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Sunday, 19 February 2006
Capel-y-Ffin

St Mary at Capel-y-Ffin

This is the church of St Mary the Virgin at Capel-y-Ffin, near Hay-on-Wye in Wales.  The yew tree in the foreground is older than the church itself.

Wikipedia advises that this tree

is often found in churchyards; some of these trees are exceptionally large (over 3 m diameter) and likely to be over 3,000 years old, long predating the churches they are beside. It is likely that yew trees had a pre-Christian association with old pagan holy sites and many believe that the enormous sacred evergreen at the pagan Temple at Uppsala was a yew. The Christian church commonly found it expedient to take over these existing sacred sites for churches. It is sometimes suggested that these were planted as a symbol of long life or trees of death. Another explanation is that the yews were planted to discourage farmers and drovers from letting their animals wander into the burial grounds, with the poisonous foliage being the disincentive.

Yew is also associated with Wales because of the longbow, an early weapon of war, developed in Wales. Yew is the wood of choice for longbow making and they are constructed so the heartwood of yew is on the inside of the bow while the sapwood is on the outside. This takes advantage of the natural properties of yew wood since the heartwood is able to withstand compression while the sapwood is elastic and allows the bow to stretch. Both tend to return to their original straightness when the arrow is released.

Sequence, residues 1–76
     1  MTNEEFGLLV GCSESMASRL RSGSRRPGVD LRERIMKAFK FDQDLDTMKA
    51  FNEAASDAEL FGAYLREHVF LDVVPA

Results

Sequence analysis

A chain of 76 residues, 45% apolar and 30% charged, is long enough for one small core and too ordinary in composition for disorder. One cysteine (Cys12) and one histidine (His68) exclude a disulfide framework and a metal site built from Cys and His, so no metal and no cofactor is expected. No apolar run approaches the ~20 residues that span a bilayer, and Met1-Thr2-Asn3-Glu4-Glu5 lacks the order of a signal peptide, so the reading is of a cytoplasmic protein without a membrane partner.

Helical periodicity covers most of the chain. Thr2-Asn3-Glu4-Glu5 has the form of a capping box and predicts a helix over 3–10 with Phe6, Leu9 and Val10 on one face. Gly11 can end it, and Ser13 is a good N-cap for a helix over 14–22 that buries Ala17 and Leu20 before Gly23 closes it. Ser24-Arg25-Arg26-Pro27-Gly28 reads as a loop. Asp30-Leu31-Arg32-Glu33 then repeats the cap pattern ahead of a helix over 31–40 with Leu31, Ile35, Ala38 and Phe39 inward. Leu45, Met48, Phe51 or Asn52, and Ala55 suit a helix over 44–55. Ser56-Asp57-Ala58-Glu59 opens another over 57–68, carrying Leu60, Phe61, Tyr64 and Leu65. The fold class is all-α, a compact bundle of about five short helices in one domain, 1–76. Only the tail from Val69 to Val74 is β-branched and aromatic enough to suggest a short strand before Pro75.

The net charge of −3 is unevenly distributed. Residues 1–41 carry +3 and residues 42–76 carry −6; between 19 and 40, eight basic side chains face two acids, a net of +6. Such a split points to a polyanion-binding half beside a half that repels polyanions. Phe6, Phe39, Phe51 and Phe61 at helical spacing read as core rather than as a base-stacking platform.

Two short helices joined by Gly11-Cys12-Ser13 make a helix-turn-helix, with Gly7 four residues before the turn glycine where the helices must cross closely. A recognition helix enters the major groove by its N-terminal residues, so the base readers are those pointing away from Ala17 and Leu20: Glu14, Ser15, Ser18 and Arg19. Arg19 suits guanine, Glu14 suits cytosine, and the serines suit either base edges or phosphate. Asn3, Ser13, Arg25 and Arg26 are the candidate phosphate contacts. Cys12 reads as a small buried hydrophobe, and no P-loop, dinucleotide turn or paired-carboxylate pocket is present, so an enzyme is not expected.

St Mary’s at Capel-y-Ffin is actually a chapel and one of the smallest in the country, measuring only 8 metres by 4 metres inside. The church is open during daylight hours, however the nearby monastery (founded by a non-conformist minister who invented the Gill Sans typeface) is not open to the public.

I am now back from Wales, and my internet connection seems to be working again, so normal blogging and email service will be resumed shortly.

Posted by bigblue on 19/02/2006 at 11:38 PM
Filed under: EuropeUnited KingdomWales • (0) CommentsPermalinkBookmark or Share

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